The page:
Salisbury is a desperate homicide, He fighteth as one weary of his life.

His ways with prisoners did not endear him to the French - after capturing the chateau of Orsay in 1423 he brought the garrison back to Paris with ropes round their necks."

As an example of Thomas's resourcefulness and ruthlessness at times is the following. At Orleans Thomas brought up the archers, extricated what remained of the English force with considerable difficulty. To cross the Loire he had to construct a bridge out of carts and fencing. He found an even more ingenious way of bridging the River Sarthe. He made his men wear white crosses like dauphinists and, having convinced some local peasants that he was a Frenchman, ordered them to build a bridge for him. Once over he had the peasants put to death.

Henry V at siege of Harfleur and battle of Agincourt (1415) (Agincourt is one of the most famous battles in English and military history, this Hundred Years War battle is one of the battles popularly credited with ending the era of the knight); the component he contributed/commanded to Henry's army was one of the largest. At Agincourt, Thomas provided and commanded 40 men-at-arms and 80 horsed archers. In comparison, the King's uncle, the Duke of York, provided 100 men-at-arms and 300 horsed archers. Thomas's force was typical of those provided by the richest English nobility (much of which was at Agincourt). Thomas's command was roughly 8th largest among the English forces.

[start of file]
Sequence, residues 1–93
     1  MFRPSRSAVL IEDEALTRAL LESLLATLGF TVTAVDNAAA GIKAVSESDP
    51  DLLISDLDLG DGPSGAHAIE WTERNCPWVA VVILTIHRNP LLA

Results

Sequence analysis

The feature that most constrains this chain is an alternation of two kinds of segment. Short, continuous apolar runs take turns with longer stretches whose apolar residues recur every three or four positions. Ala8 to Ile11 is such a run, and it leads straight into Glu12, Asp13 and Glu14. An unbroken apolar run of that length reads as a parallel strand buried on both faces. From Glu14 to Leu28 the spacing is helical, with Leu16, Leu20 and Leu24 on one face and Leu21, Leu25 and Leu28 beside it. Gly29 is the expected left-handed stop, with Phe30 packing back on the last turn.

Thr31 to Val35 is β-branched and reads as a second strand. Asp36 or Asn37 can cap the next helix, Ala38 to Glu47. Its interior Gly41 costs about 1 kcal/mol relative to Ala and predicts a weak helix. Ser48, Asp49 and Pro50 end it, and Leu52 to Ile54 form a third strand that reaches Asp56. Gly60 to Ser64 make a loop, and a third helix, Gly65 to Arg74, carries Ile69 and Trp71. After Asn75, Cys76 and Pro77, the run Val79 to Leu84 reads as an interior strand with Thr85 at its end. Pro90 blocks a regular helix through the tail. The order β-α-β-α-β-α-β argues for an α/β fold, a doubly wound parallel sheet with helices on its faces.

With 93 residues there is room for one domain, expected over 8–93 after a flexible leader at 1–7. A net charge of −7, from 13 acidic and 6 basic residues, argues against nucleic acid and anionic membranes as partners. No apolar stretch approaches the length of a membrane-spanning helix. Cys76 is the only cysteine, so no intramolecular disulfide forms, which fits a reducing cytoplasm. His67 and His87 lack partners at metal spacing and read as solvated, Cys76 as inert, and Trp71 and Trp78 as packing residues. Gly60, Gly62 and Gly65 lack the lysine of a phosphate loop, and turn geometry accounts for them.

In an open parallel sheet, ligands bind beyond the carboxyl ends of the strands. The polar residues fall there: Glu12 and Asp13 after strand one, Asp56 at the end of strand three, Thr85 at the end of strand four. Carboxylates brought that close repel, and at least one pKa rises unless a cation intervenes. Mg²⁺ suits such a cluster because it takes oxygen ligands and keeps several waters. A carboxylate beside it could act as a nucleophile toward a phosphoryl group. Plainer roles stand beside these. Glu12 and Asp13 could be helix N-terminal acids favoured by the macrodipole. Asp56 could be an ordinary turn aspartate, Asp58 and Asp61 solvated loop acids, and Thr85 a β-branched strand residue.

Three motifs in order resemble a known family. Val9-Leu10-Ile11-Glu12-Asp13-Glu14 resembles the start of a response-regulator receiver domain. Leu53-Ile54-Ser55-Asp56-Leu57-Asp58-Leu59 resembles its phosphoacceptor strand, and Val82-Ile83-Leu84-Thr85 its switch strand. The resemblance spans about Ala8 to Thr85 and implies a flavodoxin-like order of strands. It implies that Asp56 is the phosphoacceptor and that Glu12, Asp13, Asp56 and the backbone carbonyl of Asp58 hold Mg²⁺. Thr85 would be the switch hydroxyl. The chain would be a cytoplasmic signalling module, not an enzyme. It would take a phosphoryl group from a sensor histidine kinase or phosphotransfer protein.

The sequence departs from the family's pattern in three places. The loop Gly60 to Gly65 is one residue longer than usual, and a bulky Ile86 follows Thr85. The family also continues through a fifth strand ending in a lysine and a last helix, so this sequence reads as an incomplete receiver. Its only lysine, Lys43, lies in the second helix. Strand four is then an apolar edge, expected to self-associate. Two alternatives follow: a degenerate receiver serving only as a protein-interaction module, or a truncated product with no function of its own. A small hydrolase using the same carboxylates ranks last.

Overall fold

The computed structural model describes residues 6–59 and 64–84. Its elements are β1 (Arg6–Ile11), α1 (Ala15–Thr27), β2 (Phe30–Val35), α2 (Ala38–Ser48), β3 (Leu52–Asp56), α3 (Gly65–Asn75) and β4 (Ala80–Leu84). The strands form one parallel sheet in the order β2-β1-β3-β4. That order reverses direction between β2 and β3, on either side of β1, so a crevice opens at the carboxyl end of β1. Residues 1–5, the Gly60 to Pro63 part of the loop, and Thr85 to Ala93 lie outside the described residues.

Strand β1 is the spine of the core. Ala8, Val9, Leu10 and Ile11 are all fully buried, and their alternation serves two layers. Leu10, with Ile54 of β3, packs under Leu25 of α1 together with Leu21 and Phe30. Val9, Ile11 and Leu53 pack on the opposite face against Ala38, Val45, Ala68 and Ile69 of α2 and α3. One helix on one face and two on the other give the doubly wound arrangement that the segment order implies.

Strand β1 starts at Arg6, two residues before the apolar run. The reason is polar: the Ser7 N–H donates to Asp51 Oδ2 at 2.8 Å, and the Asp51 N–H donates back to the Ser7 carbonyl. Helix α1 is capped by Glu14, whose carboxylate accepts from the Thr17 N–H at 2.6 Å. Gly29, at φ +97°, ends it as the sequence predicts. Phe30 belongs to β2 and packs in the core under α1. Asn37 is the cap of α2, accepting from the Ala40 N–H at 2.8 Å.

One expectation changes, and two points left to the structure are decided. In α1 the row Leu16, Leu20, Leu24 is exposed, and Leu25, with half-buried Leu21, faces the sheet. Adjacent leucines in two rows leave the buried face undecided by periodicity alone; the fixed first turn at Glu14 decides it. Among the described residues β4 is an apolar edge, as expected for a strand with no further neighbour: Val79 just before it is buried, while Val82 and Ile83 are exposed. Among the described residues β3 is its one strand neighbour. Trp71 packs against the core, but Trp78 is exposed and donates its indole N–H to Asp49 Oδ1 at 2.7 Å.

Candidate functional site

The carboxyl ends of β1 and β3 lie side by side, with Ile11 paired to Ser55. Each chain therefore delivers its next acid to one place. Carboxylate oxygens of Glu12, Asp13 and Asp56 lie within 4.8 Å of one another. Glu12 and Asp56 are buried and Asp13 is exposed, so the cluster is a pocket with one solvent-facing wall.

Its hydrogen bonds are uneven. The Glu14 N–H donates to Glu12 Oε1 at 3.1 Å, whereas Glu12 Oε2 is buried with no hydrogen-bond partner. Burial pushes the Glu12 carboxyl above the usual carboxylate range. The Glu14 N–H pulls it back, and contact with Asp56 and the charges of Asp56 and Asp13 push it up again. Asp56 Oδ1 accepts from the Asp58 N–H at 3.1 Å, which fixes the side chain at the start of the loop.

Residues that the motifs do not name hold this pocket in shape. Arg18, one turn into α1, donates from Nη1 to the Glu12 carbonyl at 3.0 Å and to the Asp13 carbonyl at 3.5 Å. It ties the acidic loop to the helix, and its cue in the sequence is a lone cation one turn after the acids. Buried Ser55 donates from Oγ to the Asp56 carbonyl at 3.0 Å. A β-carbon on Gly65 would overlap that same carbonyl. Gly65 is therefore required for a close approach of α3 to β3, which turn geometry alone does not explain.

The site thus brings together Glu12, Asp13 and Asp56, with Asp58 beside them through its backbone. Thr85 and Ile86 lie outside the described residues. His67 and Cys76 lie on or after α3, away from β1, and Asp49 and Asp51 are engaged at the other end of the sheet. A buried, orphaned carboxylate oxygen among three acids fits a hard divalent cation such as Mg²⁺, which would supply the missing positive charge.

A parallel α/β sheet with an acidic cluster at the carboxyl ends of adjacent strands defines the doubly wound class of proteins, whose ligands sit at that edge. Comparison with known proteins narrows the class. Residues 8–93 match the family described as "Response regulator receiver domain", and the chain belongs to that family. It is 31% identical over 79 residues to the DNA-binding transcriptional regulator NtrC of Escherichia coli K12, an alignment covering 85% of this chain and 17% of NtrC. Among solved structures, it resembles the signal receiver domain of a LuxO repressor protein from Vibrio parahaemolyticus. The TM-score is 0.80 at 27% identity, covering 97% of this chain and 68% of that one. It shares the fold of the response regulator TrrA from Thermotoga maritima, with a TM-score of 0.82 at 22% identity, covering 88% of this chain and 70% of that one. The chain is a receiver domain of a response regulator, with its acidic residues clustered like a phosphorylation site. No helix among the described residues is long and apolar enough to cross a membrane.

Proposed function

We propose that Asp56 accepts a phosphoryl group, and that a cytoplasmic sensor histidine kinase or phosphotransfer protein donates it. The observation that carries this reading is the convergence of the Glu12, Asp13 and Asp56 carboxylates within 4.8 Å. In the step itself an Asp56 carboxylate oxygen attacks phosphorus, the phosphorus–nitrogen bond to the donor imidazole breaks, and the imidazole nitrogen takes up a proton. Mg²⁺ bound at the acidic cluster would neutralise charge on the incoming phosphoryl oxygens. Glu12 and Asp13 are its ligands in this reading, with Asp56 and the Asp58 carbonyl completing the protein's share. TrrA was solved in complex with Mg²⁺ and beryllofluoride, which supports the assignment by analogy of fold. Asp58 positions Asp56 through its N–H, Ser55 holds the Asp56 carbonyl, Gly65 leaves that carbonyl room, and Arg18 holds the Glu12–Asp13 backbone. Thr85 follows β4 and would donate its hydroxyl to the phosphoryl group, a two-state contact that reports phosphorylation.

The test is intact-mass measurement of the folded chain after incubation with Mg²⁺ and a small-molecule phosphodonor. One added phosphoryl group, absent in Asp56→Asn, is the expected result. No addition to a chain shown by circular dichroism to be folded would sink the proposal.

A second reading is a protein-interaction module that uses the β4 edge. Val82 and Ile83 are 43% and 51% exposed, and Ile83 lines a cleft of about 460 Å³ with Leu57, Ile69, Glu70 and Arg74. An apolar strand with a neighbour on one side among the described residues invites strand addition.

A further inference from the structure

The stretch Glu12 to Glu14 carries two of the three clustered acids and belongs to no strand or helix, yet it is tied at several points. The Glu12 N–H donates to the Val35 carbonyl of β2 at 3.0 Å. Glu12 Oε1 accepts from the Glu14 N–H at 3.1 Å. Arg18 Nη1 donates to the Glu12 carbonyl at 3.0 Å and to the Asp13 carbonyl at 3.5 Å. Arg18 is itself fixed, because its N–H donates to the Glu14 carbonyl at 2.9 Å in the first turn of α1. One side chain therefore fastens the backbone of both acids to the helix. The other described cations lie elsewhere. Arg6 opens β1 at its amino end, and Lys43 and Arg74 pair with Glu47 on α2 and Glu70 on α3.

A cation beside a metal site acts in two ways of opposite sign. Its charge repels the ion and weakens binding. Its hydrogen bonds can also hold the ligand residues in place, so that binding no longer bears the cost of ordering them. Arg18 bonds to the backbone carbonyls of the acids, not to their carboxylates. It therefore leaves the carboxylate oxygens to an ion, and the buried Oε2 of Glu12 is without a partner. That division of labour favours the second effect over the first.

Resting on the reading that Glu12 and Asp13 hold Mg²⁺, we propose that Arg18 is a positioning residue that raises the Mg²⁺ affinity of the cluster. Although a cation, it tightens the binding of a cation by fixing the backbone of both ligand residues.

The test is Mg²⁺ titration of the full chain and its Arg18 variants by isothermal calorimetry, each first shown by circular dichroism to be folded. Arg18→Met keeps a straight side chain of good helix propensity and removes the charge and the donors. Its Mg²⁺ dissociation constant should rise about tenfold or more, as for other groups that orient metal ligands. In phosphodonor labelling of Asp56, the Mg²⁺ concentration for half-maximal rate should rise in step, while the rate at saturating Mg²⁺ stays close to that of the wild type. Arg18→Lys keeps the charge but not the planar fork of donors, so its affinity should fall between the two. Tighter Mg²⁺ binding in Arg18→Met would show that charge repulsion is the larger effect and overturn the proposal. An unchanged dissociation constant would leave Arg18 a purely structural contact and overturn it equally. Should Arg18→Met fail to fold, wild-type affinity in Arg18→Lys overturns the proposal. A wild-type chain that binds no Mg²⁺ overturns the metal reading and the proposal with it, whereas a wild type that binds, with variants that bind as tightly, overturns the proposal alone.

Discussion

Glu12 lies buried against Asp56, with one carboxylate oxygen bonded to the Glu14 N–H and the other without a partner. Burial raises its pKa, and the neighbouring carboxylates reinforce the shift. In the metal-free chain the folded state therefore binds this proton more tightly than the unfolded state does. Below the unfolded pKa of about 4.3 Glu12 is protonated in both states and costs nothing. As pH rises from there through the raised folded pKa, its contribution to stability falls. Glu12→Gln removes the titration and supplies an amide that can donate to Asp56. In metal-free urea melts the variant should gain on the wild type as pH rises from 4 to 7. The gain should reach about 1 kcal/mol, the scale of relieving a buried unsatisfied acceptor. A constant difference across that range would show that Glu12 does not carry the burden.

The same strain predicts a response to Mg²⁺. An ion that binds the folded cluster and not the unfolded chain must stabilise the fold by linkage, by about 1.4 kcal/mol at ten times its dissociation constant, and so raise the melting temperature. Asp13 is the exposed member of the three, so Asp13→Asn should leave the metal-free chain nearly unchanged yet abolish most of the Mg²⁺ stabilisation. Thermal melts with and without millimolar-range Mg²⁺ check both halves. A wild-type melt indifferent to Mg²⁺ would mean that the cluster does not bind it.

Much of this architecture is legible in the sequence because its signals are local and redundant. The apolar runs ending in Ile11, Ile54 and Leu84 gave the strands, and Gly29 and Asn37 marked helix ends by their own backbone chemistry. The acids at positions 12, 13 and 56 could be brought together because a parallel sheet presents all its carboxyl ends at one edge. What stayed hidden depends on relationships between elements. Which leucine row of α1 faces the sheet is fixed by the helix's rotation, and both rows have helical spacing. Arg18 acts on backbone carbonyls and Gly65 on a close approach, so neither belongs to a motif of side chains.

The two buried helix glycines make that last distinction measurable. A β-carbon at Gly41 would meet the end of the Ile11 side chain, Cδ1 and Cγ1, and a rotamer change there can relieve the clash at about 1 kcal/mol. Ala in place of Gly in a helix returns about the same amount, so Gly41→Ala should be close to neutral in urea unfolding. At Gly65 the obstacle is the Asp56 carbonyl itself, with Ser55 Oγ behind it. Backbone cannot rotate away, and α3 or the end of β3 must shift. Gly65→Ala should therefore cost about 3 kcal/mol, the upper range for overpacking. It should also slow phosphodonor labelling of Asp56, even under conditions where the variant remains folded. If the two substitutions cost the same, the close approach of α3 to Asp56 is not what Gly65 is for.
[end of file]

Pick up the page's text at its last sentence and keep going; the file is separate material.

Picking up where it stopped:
Holinshed's Chronicle says of Thomas, "This earl was the man at that time, by whose wit, strength, and policy, the English name was much fearfull and terrible to the French nation, which of himself might both appoint, command, and do all things in manner at his pleasure, in whose power (it appeared after his death) a great part of the conquest consisted: for surely, he was a man both painfully diligent, and ready to withstand all dangerous chances that were at hand, prompt in council, and of courage invincible, so that in no one man, men put more trust; nor any singular person won the hearts so much of all men."

Thomas entered Paris with Henry in 1420. Thomas had possesion of Jargeau, Meung, Beaugency, and Janville before he laid siege to Orleans.